Taurine 3 pp 219-228 | Cite as

Phospholemman: A Cardiac Taurine Channel Involved in Regulation of Cell Volume

  • J. Randall Moorman
  • Larry R. Jones
Part of the Advances in Experimental Medicine and Biology book series (AEMB, volume 442)


The story begins with the study of purified plasma membrane vesicles from canine heart10,11. Phosphorylation assays showed that these vesicles contained endogenous PK-A16 and PK-C24 activities. PK-A phosphorylated several proteins in cardiac SL vesicles, the major one of which migrated with an apparent Mr=15,000 on sodium dodecyl sulfate polyacrylamide gel electrophoresis (SDS-PAGE). PK-C, in contrast, phosphorylated only one substrate in cardiac SL vesicles, also of Mr=15,00016,24. Based on these results, this major SL protein substrate of PK-A and PK-C was provisionally named the “15-kDa protein.” Phosphorylation by PK-A and PK-C was additive, suggesting that at least two different sites of the protein were phosphorylated. In rodent hearts perfused with β-adrenergic23 and α1-adrenergic15 agonists, the “15-kDa protein” was again the major SL substrate phosphorylated, and 32P-labeling of the protein in actively contracting myocardium correlated with the positive inotropic response induced by either agonist. Thus, results with intact myocardial tissue strongly supported a functional role for “15-kDa protein” phosphorylation by PK-A and PK-C. Phosphorylation of the “15-kDa protein” in cardiac membrane preparations and in intact cells was confirmed in other laboratories12,17,18,26. The protein was purified, cloned, and sequenced22, and was named PHOSPHOLEMMAN (PLM). This name denotes the protein’s location within the plasma membrane and its characteristic multisite phosphorylation. The mature protein (that present in SL vesicles) contained only 72 amino acids (Fig. 1), whose sequence is as follows:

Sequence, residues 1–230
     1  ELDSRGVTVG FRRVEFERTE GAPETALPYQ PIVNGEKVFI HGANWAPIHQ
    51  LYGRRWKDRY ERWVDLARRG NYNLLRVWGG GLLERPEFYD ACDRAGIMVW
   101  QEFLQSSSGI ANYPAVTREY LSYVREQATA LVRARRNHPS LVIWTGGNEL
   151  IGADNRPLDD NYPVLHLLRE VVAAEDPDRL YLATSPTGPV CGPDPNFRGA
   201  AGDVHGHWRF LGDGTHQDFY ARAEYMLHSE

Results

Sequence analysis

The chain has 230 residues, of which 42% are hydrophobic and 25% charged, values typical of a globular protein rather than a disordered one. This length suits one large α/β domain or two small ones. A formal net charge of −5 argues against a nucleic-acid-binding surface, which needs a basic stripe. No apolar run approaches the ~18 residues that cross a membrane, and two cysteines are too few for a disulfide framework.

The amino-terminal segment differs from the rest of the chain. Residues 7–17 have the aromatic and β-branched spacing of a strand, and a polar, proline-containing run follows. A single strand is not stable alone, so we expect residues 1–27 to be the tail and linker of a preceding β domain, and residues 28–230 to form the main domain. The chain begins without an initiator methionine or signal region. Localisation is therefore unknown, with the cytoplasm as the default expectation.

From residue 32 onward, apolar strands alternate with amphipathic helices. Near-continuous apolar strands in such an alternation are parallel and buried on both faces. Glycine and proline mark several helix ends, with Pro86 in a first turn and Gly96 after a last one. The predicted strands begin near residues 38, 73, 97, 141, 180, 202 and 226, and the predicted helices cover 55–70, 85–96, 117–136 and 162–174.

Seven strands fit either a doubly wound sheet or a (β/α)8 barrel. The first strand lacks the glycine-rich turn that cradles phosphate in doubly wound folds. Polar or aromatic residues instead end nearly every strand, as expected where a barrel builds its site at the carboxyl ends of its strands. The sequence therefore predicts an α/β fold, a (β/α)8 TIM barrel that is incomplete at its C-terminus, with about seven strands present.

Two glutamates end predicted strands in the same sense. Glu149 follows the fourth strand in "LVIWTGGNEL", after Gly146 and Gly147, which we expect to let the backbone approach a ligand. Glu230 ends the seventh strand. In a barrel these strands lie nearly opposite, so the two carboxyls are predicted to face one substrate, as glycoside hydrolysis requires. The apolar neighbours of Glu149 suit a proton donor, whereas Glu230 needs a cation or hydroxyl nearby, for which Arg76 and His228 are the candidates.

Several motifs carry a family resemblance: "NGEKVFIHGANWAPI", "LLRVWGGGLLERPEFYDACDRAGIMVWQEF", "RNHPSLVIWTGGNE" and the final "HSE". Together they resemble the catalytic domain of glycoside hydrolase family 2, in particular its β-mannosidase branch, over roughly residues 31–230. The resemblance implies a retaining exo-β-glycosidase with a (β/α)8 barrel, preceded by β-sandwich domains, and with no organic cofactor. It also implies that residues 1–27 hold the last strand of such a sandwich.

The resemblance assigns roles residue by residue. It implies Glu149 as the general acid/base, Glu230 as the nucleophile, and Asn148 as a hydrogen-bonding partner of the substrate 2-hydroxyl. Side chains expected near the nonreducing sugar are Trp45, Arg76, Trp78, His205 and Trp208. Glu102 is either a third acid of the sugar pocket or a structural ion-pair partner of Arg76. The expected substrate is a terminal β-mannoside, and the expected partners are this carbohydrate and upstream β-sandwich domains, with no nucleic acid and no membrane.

Xenopus Oocyte Regulatory Volume Decrease Anion Current Positive Inotropic Response Membrane Phosphoprotein 
These keywords were added by machine and not by the authors. This process is experimental and the keywords may be updated as the learning algorithm improves.


Unable to display preview. Download preview PDF.

Unable to display preview. Download preview PDF.


  1. 1.
    Attali, B., Latter, H., Rachamim, N., and Garty, H, 1995, A corticosteroid-induced gene expressing an “IsK-like” K+ channel activity in Xenopus oocytes, Proc. Natl. Acad. Sci., 92:6092–6096.PubMedCrossRefGoogle Scholar
  2. 2.